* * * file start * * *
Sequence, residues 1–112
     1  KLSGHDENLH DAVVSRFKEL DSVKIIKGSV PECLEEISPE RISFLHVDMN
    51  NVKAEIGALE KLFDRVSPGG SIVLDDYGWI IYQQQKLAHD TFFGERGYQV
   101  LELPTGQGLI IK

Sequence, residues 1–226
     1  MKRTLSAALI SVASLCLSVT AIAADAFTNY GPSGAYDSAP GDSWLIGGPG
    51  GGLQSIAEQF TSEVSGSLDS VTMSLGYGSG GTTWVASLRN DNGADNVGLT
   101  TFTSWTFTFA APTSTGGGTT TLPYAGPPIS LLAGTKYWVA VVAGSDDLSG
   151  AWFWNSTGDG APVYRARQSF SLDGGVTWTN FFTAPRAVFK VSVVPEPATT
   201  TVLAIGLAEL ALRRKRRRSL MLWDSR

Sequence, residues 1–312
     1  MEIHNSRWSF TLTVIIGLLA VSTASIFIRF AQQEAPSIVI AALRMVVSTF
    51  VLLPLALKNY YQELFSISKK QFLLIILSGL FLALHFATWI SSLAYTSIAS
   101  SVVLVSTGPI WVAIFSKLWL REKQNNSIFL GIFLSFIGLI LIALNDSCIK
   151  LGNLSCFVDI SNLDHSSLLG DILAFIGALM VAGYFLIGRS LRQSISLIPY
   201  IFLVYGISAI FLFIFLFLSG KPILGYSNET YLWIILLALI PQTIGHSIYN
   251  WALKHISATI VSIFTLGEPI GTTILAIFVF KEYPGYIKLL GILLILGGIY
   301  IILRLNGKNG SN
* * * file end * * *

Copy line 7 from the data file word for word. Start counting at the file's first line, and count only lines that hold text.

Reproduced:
    51  GGLQSIAEQF TSEVSGSLDS VTMSLGYGSG GTTWVASLRN DNGADNVGLT